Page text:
Throughout the bizarre tale of the teddy bear's trial in an American court and his own reminiscences, the nature of being and reality are explored by a writer with the amazing talent of a virtuoso. The nature of pain and pleasure, of life and death, love, loss and abandonment are experienced and examined by a teddy bear from the point of view of one who has been both a passive witness and an active participant in the pageant of existence.
It is when Winkie is in prison that he begins to reminisce about his own past, and to recognise moments that were pivotal in terms of defining his hopes, disappointments and dreams. One such moment occurred when his last owner, a boy named Cliff, left him on a shelf in the bedroom when the family took refuge from a hurricane in the safety of a windowless corridor. As the bedroom window shook and rattled, Winkie pondered his own place in the universe:
'A child had to live and a child had to grow and in growing he had to leave things behind, just as Winkie always had been left behind -- and how could he think this time he wouldn't be?
'Betrayal and wind and blackness and rain and rattle. Stupid, stupid, stupid for dreaming it wouldn't be so with Cliff just like all the other times, this time which was also surely the last time and therefore final. Winkie was alone -- stupid bear alone, stuffing and cloth alone, stupid hidden thoughts alone and fading to nothing in the storm -- and that was what had to be and only a stupid bear would ever think it could be otherwise...
'But even if he was to be left alone, even if that was what had to be, the bear had hoped at least -- hoped at least -- hoped at least ... He couldn't grasp it -- not then in the terrible room, not now, years later, in his cell -- just what it was he had longed for, what he had hoped might not be lost this last time, nor why that unnameable whatever, if indeed it wasn't lost, would somehow save this boy from what must surely be the fate of all humanity, and maybe of every other creature, too, nor why he felt that saving Cliff, whatever 'saving' was, could somehow also save himself, too.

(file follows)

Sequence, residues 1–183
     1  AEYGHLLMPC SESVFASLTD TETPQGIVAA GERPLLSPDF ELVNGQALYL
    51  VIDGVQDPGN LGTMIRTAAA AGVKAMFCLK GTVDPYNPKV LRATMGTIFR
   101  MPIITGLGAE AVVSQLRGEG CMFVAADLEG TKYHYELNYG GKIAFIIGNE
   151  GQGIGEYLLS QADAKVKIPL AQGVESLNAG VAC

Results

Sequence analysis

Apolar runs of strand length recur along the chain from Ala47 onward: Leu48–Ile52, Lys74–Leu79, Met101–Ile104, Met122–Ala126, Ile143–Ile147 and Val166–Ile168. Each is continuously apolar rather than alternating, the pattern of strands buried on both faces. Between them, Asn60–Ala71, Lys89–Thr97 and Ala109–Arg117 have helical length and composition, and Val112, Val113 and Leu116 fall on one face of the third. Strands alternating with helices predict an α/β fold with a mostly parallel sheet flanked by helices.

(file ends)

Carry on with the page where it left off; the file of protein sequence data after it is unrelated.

'Neither cruelty chosen nor innocence flown, neither lies believed nor wishes smashed, not rage returned, not knowledge lost, neither sadness borne nor shame endured. No, none of these had he meant to save the boy from, but something bigger --- what? -- nothing less than the Way of the World itself, and he had hoped against all reason and experience that maybe this one time it would not have to be the Way of the World after all.'
Like all good fairytales, despite the heartbreak and betrayal, despite all his trials and tribulations, the story of Winkie ends on a note of hope when his best friend shows him how to navigate the dangerous chaos of traffic in Cairo to cross the road safely.
'You just have to let them know you exist,' she tells him.
In a sense, this is the philosophy that rests at the very foundation of the book. The autobiographical nature of the book forms a counterpoint to the rather bizarre adventures of the teddy bear. Throughout, there is an undeniable sense of utter realism to the tale. Clifford Chase possesses the gift of empathy as well as an exceptional ability to capture the essence of human (and ursine) experiences in words.
Part One of the book begins with a quote from Bruno Shultz: 'The books we read in childhood don't exist anymore; they sailed off with the wind, leaving bare skeletons behind. Whoever still has in him the memory and marrow of childhood should rewrite these books as he experienced him.'
Clifford Chase has accomplished this incredible feat. In 'Winkie', he has managed to encapsulate all the magic and terror of childhood in a tale of 'becoming' no less real because it happens to be the story of a teddy bear. It is this, apart from the delightful skill of the writer in crafting this story, that designates this book as a future classic.